[Editor's Note: If you haven't yet watched the season finale of Mr. Robot, there are some spoilers here. It's not a recap and it won't ruin the whole episode, but you might want to watch it first before you keep reading.]
Within the first four minutes of last night's Mr. Robot finale (postponed from last week because of sensitivity to the on-air shooting in Virginia), we saw a character who's life had been destroyed by the Ashley Madison data dump and heard how astoundingly difficult it is to prosecute computer abuse and fraud without a great deal of evidence (been there and done that and it's true). Moments later, the ripple effects of the recent downturn in the Chinese stock and currency markets hit home. This is why the show has always and continues to work so well. Even as we go further down Elliot's rabbit hole and realize how disturbed he really is, even as the show becomes more about his psychodrama and less about the geeky action that drew us in in the first place, Mr. Robot still masterfully combines the realities of our vulnerability in a very connected world with just enough hyperbole and caricature to let us know we're still watching TV.
Mr. Robot taps into the pervasiveness of cybercrime, our insecurities about our own digital footprints, and the naiveté of the average citizen about security and privacy. Add in a healthy dose of concern and skepticsm about the influence of massive corporations and the general sense of resignation to a lack of control and privacy and you have a show that hits a few raw nerves with every episode.
It helps that it hooks so nicely into the tech subculture...Not just hacker culture but the sort of stuff we live and breathe everyday. And then, of course, it kicks it up a few notches to give us a dystopian glimpse of what could be.
Interestingly, one of the first questions my son asked after he got hooked on the show a few weeks ago and started catching up on episodes was "Is E Corp basically like Google?" I responded, with my tongue firmly in cheek, that they couldn't be since their corporate motto was "Don't be evil." Clearly can't be "Evil Corp" then, can they? Don't get me wrong - I'm pretty deeply invested in the Google ecosystem. I often joke that Google knows more about me than my wife. I'm hardly one of the anti-Google crowd and I know what I'm trading for information-driven convenience. But it does make you wonder: What happens if some group actually hacks Google in a big way? We've already seen disturbing fallout just from the Ashley Madison debacle. If Google's reach is such that they could theoretically throw a presidential election, what would the consequences of a truly massive hack on the search giant look like?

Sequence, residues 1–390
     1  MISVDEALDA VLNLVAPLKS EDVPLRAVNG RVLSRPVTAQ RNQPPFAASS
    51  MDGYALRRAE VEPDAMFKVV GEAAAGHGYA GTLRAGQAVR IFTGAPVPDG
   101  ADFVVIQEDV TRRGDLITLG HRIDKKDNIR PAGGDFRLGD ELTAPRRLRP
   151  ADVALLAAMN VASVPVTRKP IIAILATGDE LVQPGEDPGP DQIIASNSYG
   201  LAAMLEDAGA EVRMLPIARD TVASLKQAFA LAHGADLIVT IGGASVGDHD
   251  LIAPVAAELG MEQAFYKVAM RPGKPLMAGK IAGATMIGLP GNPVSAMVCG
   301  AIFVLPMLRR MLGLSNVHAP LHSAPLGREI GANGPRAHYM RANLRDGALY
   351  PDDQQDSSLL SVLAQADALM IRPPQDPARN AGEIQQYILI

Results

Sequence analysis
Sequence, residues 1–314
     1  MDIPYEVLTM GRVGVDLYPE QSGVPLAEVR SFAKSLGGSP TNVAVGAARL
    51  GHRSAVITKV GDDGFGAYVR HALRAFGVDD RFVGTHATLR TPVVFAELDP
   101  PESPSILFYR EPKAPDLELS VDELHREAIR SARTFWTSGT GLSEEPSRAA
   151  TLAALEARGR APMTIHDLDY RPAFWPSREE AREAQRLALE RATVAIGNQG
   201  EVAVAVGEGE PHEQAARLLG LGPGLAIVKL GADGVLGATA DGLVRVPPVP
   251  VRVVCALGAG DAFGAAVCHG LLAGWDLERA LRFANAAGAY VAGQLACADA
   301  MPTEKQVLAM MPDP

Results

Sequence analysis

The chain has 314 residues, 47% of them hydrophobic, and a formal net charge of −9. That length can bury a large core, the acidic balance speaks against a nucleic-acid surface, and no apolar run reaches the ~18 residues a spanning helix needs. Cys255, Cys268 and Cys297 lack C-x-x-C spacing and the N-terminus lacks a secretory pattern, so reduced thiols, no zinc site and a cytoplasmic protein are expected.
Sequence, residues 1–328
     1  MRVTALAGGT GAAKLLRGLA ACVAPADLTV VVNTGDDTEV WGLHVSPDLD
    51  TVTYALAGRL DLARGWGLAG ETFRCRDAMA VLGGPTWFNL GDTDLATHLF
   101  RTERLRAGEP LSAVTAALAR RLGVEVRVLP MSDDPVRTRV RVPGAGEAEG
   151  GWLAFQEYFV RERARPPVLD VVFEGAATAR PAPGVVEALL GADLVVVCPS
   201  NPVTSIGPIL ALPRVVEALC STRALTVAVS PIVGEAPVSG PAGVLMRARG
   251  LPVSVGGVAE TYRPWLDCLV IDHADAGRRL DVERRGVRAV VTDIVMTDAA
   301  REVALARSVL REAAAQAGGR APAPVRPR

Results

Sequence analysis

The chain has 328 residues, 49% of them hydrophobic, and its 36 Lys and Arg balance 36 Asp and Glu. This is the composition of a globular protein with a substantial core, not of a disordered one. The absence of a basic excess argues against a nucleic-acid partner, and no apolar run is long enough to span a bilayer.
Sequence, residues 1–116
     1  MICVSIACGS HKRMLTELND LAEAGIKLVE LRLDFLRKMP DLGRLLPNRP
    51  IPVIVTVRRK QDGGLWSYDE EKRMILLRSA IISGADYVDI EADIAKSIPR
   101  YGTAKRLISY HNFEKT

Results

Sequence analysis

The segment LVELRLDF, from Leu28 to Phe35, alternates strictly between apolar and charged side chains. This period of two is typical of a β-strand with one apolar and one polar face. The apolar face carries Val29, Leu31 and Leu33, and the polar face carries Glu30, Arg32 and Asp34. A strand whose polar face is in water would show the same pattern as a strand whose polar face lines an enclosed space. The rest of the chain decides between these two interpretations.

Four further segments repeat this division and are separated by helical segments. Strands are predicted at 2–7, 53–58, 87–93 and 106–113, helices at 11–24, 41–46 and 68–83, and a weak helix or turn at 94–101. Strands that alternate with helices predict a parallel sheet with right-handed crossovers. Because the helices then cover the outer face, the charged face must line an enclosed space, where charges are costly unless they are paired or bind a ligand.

Mr. Robot channels legitimate concerns about the scale and reach of global conglomerates, the "too big to fails", and ubiquitous organizations like Google. As Elliot asks himself, "Malware that took Darlene all of 2 hours to code - is that really all it takes to kill the world?" Probably not, but it's hard not to feel vulnerable when so much of what we do is tied to powerful services and corporations.
Bottom line - Mr. Robot is about a lot of things - hackers, greed, corruption, even mental health...but at the end of the day it begs the question how much damage could a savvy hacker with questionable motives and concerning mental health actually do? The answer, of course, is quite a bit. Perhaps not take down global financial markets on a massive scale...perhaps. We hope. Much as I'd like my credit cards to suddenly have $0 balances, the banking system as we know it is fairly useful. Things aren't quite as centralized as in the world of Mr. Robot and the organizations we already consider too big to fail are dwarfed by the fictional E Corp. But Mr. Robot continues to work because it isn't that farfetched - it isn't that outlandish. Fictionalized, yes, but conceivable not so far into our future. Conceivable enough, at least, to make us uncomfortable. As Darlene says, "First banking, then infrastructure...we've been through this," as she visualizes the fallout from their massive hack.
Maybe it won't be a small hacktivist group like fsociety. Maybe it will be a nation-state. We know that nations are already cross-referencing large government breaches like the OPM hack with the Ashley Madison data dump to potentially target US operatives. The sky, unfortunately, is the limit, as cybercrime meets big data. But that's a blog for another day.
For today, if you haven't already watched the season finale of Mr. Robot, you should. And keep watching after the credits, since the bonus scene is a lovely mix of scary, prescient, and brilliant.